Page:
Interview with Ghosts of Eden

ghosts of eden

From the sewers of NYC comes Ghosts of Eden.  Audiofuzz sat down with them and had a great conversation.  This is the result.

1.  How long have you guys and when did you get together?

-So Rich and I technically started the band in 2007 but after fooling around and not taking ourselves too seriously for 2 years, we REALLY got things going in January 2009 so I guess we’ve been a band for 6-8 years.
2.  Who are some of your main influences?
-When we first started our main influences were the big 4 grunge bands: Pearl Jam, Alice in Chains, Soundgarden and Nirvana. Rich and I also really liked Third Eye Blind, Foo Fighters and Smashing Pumpkins. It’s really evolved though. I love punk and 80s new wave. Ben likes prog metal. Rich likes hardcore. Miles loves thrash metal and blues. We bring a lot of different influences to the table.
3.  In a review, I mentioned that your music is like a sucker punch to the solar plexus.  Do you believe that is true?  That is meant as a complement, much like Lou Reed, when he heard the Ramones, said “This band is dangerous”.
-I’m not even sure what a solar plexus is but that sounds painful. I can assume what they meant though. I mean, I can’t say that’s true without sounding a bit arrogant so what I will say is that it’s flattering to hear. I think we put on a great live show, and I think we try to ensure our music can really get people moving, or at least out of their seat.
4. Do you believe you represent NYC?  I do.  Patti Smith NY scene is dead.  Do you agree?
-It’s funny you ask this. Things really have changed. I don’t think that Patti Smith scene is really around anymore because that wasn’t even a scene. That just WAS NYC music. Nobody was trying to do something specific. Now you have the hipsters, the metal heads, the singer-songwriters. I wasn’t around for Patti Smith’s beginnings but I’m a native NYC’er and while there are glimpses of originality and genuine talent and genuine New York grit, I sometimes wonder whether or not some artists are really just trying to hard to be “something” instead of whoever they truly are. We’re not trying to reinvent the wheel so we don’t. We’re just normal dudes. That’s probably why we will never get signed, haha.
5.  I love your music.  I think it’s exactly what the music scene needs.  Do you write from actual experience?  Where do you get your ideas?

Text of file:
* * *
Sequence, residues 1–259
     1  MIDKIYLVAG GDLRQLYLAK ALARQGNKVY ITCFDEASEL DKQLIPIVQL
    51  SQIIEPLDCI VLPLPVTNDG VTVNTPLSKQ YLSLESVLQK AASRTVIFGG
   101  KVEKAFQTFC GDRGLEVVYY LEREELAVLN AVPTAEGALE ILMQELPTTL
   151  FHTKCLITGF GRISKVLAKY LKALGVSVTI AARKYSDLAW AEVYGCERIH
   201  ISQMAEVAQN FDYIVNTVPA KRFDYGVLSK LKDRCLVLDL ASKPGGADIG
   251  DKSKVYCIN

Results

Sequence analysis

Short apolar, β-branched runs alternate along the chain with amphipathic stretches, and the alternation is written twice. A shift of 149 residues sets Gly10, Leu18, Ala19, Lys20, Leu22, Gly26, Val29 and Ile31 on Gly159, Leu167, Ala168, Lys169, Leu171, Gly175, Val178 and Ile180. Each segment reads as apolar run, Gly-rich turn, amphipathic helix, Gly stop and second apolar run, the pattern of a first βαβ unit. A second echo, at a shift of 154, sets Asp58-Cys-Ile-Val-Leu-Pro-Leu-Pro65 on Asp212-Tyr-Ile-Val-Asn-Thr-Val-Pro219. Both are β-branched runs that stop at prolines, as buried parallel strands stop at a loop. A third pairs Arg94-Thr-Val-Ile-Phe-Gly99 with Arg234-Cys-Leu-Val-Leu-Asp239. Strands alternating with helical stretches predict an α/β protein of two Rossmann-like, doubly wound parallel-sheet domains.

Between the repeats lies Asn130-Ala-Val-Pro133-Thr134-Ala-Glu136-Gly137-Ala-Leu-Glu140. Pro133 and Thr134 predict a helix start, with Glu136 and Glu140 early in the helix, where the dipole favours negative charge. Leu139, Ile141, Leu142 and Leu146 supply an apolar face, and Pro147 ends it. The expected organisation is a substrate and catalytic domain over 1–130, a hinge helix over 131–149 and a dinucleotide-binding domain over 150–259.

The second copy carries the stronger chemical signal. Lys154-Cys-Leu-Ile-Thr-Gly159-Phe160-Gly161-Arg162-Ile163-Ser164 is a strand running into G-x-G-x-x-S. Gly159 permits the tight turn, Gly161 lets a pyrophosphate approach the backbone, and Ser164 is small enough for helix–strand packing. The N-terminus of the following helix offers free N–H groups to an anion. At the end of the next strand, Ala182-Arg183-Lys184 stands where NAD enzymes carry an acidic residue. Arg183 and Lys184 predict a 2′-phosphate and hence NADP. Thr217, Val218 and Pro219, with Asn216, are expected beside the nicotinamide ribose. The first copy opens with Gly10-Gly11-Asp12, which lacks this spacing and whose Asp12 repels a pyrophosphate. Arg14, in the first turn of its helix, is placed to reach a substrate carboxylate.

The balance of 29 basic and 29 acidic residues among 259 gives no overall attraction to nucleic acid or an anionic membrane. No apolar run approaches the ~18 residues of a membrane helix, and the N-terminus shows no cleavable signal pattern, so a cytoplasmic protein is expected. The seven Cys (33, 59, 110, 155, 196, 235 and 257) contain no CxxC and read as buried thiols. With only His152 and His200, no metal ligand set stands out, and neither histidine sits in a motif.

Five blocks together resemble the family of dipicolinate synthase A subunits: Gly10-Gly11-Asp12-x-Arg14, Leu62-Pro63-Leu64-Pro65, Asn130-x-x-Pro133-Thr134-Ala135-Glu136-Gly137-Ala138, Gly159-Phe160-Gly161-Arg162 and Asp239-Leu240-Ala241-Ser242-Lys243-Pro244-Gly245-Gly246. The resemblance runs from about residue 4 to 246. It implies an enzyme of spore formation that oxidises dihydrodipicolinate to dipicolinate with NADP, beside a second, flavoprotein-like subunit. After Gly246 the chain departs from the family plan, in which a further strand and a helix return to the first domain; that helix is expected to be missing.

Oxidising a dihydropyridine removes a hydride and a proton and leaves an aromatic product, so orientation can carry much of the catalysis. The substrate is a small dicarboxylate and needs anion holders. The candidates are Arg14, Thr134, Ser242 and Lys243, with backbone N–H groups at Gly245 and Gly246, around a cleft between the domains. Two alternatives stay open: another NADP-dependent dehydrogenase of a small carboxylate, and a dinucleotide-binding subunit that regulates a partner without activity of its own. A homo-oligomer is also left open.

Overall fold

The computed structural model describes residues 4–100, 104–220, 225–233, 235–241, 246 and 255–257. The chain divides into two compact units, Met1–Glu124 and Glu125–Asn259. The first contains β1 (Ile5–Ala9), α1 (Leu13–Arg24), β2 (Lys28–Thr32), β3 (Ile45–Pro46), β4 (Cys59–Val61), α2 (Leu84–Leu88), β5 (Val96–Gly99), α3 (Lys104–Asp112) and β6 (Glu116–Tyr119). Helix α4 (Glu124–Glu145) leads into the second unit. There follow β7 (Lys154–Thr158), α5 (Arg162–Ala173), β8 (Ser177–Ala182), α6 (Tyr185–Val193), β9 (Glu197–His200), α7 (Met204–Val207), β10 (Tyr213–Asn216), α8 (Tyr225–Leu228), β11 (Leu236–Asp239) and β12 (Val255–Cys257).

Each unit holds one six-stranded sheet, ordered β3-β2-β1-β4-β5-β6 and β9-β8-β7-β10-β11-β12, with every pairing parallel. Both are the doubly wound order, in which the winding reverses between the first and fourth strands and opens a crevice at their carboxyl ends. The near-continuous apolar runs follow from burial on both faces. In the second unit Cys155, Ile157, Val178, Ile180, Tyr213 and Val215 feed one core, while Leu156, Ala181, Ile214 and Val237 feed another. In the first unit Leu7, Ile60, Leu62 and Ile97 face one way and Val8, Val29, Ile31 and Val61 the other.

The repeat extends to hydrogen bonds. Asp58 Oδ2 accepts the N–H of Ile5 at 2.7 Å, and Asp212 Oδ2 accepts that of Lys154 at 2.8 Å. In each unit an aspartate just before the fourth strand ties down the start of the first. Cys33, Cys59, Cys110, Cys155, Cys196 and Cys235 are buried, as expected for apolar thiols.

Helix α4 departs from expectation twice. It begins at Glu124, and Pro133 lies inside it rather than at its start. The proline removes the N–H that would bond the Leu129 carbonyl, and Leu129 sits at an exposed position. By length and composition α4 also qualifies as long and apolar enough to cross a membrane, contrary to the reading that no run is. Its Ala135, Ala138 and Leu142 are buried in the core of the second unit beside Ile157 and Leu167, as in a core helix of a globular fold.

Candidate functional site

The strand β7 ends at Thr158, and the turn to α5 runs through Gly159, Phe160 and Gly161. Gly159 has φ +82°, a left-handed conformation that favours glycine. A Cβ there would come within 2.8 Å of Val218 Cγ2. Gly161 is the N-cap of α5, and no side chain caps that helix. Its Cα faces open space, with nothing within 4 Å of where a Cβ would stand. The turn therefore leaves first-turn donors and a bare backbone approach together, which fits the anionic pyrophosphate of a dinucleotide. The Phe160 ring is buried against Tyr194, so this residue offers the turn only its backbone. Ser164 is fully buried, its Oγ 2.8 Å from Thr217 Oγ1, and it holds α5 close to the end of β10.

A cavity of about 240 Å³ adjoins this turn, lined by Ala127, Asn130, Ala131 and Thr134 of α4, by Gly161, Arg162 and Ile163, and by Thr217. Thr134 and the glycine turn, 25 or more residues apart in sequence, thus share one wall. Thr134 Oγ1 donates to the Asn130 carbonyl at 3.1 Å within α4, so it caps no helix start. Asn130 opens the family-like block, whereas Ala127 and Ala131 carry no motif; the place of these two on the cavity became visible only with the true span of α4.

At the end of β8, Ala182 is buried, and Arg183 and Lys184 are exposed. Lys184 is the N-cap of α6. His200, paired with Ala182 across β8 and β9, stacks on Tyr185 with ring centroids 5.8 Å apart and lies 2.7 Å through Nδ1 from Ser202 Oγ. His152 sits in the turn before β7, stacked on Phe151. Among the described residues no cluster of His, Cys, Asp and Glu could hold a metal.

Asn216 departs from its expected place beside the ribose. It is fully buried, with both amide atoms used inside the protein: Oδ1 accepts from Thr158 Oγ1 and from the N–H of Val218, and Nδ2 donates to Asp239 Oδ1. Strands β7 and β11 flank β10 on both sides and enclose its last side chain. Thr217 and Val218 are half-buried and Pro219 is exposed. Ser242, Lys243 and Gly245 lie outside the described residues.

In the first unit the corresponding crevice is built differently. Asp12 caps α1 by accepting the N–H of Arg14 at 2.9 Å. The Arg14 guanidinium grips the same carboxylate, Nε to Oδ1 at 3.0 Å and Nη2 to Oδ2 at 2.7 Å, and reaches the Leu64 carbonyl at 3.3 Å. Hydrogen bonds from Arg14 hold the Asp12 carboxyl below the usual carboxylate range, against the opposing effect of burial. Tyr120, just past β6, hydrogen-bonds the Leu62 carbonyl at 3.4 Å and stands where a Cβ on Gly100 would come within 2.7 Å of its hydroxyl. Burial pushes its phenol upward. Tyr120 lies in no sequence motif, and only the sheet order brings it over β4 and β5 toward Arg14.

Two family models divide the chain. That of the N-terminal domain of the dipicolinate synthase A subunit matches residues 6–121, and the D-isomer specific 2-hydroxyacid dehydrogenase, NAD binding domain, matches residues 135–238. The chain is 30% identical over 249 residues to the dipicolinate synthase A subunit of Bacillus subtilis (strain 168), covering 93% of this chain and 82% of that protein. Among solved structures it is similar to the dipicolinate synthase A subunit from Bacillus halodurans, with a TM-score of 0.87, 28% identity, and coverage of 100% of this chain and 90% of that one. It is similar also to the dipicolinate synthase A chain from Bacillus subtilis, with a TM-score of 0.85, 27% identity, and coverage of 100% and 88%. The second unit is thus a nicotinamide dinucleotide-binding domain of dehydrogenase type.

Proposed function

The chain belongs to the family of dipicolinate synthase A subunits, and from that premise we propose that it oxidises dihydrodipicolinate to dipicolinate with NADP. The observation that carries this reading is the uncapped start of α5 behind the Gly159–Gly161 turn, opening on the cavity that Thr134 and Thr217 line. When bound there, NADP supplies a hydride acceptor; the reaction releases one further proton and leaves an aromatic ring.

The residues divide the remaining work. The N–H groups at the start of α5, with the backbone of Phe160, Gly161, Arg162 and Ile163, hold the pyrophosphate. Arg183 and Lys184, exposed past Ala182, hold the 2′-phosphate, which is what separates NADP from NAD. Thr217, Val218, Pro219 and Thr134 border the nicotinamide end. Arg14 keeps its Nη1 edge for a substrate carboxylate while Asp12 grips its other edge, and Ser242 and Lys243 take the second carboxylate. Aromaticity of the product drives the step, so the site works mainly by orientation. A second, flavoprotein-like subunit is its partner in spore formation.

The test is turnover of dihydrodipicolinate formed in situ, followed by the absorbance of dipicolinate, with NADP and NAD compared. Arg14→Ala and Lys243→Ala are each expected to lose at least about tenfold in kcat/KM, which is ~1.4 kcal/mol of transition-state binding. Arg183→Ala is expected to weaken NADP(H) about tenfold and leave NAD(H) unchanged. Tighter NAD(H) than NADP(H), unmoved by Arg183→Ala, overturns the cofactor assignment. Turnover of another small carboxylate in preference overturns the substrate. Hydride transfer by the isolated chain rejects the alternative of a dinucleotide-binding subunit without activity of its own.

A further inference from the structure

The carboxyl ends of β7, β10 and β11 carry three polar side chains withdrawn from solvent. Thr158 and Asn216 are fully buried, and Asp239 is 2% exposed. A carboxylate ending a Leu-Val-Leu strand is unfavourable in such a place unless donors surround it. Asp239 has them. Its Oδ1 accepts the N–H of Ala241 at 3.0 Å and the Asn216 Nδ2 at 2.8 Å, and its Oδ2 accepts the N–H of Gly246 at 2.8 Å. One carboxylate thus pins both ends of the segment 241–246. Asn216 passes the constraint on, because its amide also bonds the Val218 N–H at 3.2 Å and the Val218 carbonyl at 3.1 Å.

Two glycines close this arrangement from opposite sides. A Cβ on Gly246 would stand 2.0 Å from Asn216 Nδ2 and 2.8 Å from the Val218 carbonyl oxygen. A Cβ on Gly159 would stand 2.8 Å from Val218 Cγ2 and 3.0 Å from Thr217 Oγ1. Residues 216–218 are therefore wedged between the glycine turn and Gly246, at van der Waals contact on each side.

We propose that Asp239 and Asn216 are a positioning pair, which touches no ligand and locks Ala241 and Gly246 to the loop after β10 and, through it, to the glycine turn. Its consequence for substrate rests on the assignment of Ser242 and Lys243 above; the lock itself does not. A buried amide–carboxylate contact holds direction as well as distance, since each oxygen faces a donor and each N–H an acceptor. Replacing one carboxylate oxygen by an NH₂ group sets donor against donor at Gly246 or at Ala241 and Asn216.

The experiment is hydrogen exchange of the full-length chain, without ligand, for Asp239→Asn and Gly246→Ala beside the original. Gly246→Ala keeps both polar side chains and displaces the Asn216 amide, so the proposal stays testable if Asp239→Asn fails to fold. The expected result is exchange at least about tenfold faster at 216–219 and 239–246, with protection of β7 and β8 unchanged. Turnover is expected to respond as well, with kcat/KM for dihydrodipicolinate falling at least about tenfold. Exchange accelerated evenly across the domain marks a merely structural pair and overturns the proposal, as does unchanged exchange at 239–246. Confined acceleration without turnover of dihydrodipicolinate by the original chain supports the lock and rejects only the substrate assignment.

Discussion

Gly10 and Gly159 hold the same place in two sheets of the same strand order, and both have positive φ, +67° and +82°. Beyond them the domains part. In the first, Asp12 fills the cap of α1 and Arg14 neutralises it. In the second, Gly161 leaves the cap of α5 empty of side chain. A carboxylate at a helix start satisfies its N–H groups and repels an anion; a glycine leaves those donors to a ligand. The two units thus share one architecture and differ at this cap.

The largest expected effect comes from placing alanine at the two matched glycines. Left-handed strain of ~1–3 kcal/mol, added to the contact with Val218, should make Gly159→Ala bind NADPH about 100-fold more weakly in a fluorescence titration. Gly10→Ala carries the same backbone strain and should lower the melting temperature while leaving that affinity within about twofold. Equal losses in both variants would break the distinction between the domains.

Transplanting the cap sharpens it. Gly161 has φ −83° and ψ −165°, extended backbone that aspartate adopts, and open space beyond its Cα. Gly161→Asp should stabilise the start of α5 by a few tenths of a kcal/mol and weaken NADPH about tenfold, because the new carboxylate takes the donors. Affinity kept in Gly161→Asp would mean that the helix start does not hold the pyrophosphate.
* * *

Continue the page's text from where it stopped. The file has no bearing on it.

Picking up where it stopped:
-Thanks man. I do appreciate that because we feel like it needs us to! Everything has at least some experience in there. I know when I write songs for GOE, I try to be a little bit more mysterious but this latest record of ours is a bit more straight forward and I am so proud of these songs. The ideas usually just come from something near and dear to me. I grew up Catholic, going to a religious school from the time I was 5 until 18 so our new song “Doubting Thomas” is a reference to Thomas in the bible. He doubted that Jesus was who he said he was until he had proof. This song for me is about my questioning of the after life. My faith started waning after my grandmother passed away 12 years ago. This song is sort of like my letter to God, asking if there is still a place in heaven for me even if I’ve doubted its existence. Sounds kind of deep when I read it back, but I swear I’m not that weird, haha.
6.  It seems to me that you love playing live the best.  Is that true?  Do you like the studio?  Or do you need that rush from the crowd?
We love playing live, but I think the older I get the more I enjoy being in the studio where I can really “create.” I love seeing a song come to life and absorb its true personality through sounds and different instruments and amps and tones. It makes the hair on your arms stand up when you really hear a song  come alive for the first time. It’s like playing Dr. Frankenstein!
7.  Listening to anyone new these days?
I’ve always love TV on the Radio. They have a pretty sick new album, but some new bands I’m obsessed with are all from the UK:  Darlia, Wolf Alice and Catfish and the Bottlemen. Check them all out. They wail.
8.  When are you touring Pittsburgh?  I need kick ass rock.
I wish bro! We’d love to come out there. No tour scheduled yet though unfortunately. If you book us, we will come.
9.  Anything you want to say I didn’t ask?
I’d just like to thank you for taking the time to introduce us to your fans and readers. It’s hard taking a chance on a band that hasn’t sold a million records, so thanks for the kind words.

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